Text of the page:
William Hurt does possibly the best haunted eyes in Hollywood.
His droopy eyeballs are a highlight of "The Yellow Handkerchief," a standard-issue indie drama about hitting the road with strangers in hopes of reconnecting with an intimate from your past.
Hurt infuses ex-convict Brett Hanson with deep, palpable melancholy, yet the story rides on transparent artifice and weepy sentiment that turns to goo by the end.
The movie's main appeal rests with fine performances from Hurt and co-stars Kristen Stewart, Maria Bello and Eddie Redmayne, who lend "The Yellow Handkerchief" far more weight than its meager drama merits.
Produced by Academy Awards heavyweight Arthur Cohn ("Central Station," "The Garden of the Finzi-Continis"), "The Yellow Handkerchief" traces Brett's simple sojourn through post-Katrina Louisiana to reunite with lost love May (Bello).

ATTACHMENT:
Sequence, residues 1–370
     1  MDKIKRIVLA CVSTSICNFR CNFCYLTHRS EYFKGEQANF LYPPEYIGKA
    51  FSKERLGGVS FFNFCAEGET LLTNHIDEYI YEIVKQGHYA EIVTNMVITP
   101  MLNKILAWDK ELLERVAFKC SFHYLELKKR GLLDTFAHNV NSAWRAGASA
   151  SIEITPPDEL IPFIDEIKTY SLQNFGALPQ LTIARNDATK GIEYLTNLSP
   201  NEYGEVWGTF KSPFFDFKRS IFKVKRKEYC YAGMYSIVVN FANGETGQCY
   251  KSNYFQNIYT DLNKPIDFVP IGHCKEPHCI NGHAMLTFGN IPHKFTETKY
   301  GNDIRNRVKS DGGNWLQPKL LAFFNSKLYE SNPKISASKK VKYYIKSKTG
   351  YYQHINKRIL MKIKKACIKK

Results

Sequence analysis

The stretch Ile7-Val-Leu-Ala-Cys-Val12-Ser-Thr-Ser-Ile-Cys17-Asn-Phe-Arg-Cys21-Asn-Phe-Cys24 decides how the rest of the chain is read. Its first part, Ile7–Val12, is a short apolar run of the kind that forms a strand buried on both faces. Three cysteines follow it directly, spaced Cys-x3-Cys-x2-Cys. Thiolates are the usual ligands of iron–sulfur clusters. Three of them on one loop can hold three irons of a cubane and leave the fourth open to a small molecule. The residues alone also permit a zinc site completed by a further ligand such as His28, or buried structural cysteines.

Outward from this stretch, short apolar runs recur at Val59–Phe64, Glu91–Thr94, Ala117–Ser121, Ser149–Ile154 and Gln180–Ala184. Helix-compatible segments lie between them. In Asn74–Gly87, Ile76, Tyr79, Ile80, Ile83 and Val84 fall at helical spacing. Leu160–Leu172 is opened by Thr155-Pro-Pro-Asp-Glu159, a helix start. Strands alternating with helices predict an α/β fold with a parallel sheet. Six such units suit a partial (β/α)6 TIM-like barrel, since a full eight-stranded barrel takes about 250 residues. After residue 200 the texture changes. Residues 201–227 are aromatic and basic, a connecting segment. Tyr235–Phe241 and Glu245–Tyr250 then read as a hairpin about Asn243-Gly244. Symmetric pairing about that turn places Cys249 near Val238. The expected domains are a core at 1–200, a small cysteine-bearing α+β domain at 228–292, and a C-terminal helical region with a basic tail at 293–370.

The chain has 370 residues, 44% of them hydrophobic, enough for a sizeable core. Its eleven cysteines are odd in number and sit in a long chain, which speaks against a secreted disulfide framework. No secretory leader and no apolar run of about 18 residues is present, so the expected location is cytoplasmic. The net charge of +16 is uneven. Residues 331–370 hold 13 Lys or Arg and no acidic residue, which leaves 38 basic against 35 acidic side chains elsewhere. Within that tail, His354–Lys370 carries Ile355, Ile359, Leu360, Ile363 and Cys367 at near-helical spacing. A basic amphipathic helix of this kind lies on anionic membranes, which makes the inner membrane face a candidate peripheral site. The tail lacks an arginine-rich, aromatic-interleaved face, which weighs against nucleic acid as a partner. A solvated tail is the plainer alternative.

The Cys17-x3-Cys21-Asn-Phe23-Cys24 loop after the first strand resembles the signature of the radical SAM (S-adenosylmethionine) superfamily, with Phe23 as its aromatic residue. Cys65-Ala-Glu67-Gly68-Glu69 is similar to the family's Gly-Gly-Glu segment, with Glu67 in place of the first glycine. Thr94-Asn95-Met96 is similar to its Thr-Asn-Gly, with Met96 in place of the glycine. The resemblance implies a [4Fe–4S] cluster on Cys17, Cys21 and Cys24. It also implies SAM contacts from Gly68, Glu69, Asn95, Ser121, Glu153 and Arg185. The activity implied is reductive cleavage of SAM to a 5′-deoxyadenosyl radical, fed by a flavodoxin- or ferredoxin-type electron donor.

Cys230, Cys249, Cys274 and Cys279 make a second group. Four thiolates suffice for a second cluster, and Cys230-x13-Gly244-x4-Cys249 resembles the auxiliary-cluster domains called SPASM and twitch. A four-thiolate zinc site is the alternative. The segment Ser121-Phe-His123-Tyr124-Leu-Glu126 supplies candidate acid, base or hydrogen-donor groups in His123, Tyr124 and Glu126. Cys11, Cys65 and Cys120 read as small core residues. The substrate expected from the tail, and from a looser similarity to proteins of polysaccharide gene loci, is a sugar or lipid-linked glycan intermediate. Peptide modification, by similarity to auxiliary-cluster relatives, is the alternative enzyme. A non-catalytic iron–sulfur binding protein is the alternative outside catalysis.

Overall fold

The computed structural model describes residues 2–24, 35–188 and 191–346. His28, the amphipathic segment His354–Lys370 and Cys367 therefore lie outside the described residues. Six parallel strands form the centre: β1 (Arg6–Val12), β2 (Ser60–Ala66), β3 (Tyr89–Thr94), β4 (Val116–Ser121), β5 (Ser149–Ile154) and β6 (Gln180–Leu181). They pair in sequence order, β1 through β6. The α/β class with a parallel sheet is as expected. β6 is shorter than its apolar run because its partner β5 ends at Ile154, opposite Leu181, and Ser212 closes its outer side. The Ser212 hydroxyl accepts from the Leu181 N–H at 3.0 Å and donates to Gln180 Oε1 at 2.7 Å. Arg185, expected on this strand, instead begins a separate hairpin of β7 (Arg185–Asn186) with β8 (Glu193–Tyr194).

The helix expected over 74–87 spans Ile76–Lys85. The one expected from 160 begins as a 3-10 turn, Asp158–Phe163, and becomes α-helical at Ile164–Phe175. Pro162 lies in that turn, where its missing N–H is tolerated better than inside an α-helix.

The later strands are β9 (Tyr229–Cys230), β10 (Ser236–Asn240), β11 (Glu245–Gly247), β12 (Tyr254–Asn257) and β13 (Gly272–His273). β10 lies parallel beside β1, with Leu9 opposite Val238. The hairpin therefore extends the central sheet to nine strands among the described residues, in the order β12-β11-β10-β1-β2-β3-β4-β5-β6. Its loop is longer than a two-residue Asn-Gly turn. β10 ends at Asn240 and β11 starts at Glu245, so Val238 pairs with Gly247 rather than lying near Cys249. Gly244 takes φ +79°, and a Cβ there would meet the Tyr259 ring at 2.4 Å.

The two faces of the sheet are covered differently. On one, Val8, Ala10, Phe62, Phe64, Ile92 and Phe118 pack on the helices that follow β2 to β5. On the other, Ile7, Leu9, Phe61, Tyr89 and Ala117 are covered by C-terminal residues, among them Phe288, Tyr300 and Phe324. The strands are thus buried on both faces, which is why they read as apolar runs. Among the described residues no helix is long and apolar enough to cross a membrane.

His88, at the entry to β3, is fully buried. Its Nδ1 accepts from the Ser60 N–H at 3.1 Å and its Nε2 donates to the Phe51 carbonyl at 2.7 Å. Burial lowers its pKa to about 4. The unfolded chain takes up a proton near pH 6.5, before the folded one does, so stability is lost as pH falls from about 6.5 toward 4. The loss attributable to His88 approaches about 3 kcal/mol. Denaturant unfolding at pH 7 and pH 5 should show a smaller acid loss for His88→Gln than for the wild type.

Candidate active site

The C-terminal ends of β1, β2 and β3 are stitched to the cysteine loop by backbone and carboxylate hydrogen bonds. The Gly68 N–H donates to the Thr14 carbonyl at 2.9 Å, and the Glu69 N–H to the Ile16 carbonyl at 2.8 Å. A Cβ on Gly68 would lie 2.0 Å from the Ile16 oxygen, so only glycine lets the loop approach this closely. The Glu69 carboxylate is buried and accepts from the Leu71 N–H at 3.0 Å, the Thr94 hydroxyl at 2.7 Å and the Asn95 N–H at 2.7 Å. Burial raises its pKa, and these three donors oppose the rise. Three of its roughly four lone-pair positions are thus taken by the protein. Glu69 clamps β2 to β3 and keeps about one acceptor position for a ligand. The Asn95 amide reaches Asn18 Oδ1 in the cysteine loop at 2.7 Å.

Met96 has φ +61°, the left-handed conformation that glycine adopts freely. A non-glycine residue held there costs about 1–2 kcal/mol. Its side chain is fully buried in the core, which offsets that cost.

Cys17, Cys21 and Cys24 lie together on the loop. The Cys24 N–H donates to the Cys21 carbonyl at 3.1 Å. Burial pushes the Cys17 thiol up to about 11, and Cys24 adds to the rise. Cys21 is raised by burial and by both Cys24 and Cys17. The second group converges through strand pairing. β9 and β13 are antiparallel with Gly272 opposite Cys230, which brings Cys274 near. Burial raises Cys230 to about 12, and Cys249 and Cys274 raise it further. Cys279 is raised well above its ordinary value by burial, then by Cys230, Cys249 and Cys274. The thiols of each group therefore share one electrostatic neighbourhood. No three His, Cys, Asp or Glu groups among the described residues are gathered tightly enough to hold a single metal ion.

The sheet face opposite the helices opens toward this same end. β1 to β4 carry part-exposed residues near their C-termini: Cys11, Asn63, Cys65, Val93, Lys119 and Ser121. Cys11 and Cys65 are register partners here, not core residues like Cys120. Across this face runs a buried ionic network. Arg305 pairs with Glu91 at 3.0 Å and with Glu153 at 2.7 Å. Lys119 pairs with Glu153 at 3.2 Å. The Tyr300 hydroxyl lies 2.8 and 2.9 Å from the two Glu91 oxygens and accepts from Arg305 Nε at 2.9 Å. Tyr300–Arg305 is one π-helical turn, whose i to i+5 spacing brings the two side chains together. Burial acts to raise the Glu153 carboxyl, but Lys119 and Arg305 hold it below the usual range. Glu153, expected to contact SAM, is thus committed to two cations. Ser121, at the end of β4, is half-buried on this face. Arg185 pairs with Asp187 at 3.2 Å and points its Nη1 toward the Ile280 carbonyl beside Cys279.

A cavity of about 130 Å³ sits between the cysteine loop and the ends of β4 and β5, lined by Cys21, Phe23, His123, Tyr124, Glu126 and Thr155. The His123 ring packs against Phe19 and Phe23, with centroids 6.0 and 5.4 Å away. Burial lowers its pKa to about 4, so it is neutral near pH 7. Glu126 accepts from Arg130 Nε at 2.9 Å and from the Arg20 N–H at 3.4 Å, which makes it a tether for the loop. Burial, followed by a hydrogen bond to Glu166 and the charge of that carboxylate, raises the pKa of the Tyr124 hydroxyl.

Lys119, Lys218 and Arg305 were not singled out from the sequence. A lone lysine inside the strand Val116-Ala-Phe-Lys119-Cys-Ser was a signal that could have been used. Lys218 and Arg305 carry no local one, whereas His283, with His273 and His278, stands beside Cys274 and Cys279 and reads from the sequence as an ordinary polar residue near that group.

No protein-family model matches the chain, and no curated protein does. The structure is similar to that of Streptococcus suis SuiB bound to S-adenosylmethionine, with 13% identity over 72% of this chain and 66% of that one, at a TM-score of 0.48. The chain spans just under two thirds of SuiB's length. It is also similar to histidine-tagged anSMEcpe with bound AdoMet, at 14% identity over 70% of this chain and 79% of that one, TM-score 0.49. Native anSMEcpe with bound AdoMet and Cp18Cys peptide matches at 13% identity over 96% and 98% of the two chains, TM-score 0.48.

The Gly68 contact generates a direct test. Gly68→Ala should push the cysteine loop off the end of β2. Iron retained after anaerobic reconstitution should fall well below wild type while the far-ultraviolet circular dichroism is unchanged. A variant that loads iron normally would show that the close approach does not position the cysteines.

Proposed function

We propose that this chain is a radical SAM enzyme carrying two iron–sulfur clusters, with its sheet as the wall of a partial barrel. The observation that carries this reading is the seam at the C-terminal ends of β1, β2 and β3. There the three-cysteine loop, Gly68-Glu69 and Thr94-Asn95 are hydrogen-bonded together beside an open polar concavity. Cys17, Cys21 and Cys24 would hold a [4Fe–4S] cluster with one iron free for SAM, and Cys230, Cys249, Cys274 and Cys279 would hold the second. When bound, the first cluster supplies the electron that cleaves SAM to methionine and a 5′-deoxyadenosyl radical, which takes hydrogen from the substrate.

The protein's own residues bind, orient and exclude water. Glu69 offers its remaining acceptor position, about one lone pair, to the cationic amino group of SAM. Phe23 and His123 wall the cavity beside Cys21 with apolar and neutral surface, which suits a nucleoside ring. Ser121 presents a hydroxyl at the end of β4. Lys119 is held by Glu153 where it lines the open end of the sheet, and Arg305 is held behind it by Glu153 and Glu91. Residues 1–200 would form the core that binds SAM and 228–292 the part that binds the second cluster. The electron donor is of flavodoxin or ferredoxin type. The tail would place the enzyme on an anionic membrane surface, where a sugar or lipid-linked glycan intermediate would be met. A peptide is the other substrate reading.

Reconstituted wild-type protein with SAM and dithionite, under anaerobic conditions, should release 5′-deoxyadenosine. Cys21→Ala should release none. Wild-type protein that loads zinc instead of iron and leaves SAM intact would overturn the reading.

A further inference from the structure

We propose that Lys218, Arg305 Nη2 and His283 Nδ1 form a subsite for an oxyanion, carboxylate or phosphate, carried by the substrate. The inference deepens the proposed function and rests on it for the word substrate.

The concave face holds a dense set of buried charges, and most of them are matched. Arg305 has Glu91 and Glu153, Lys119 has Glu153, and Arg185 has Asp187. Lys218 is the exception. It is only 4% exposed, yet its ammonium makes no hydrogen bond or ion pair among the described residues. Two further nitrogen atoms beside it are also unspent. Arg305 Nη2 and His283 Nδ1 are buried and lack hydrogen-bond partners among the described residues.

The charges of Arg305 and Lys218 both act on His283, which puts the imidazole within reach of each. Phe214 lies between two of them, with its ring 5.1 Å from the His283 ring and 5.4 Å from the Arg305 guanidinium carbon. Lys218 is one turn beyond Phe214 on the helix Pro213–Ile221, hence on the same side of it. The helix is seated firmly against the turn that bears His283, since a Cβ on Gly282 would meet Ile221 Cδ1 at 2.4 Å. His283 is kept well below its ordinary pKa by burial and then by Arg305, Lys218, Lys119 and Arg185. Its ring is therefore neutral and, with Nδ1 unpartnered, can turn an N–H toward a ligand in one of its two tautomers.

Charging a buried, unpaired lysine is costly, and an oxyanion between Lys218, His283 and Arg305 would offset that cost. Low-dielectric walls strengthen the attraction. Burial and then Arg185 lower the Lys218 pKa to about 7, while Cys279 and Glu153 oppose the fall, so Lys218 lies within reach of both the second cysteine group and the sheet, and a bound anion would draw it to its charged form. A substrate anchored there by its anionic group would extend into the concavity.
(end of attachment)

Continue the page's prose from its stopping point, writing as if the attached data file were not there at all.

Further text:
Just out of prison after six years, Brett catches a lift with awkward teenager Martine (Stewart), who in turn has tagged along with the twitchy Gordy (Redmayne) in hopes of making another boy jealous.
Road trip becomes a mission
What begins as a short hop across the river becomes a mission for all three as Brett shares his sad life story with his traveling companions, who are transfixed by the tragedies that tore him and May apart and Brett's against-all-odds hope to give it one last chance.
Hurt and Bello, who co-starred in "A History of Violence" but did not share any scenes in that film, play off each other so well that it's disappointing the flashbacks make up such a relatively small portion of "The Yellow Handkerchief."
Stewart and Redmayne form a nice bond with Hurt and each other, but their characters are thinly developed and the wisp of incipient romance swirling between them feels like filler next to Brett and May's grand passion.
Chris Menges, Oscar-winning cinematographer for "The Killing Fields" and "The Mission," provides some bleak but gorgeous images of bayou country and the detritus left by Katrina.
"The Yellow Handkerchief" has been kicking around since its debut at the Sundance Film Festival two years ago, in Stewart's pre-"Twilight" days.
It arrives now as little more than a curiosity, a featherweight tearjerker featuring a promising young actress before she had Hollywood at her feet.